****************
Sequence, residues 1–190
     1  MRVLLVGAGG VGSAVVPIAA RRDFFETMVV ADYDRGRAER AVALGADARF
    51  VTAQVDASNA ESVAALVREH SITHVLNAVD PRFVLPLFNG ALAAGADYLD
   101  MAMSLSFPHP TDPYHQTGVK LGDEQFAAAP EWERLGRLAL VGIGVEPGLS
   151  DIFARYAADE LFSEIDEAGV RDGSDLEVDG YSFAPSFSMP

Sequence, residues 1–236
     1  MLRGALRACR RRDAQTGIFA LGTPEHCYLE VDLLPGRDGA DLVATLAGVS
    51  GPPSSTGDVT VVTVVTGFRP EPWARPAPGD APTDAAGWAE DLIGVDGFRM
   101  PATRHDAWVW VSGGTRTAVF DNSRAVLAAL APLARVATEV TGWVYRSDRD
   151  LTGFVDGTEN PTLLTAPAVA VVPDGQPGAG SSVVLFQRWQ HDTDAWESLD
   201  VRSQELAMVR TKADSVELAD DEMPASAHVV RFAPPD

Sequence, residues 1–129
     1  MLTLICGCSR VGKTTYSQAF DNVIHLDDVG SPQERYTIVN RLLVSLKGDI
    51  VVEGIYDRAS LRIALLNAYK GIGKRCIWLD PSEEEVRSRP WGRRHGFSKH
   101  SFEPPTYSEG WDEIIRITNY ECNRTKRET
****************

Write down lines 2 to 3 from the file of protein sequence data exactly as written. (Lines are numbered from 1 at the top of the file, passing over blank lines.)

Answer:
     1  MRVLLVGAGG VGSAVVPIAA RRDFFETMVV ADYDRGRAER AVALGADARF
    51  VTAQVDASNA ESVAALVREH SITHVLNAVD PRFVLPLFNG ALAAGADYLD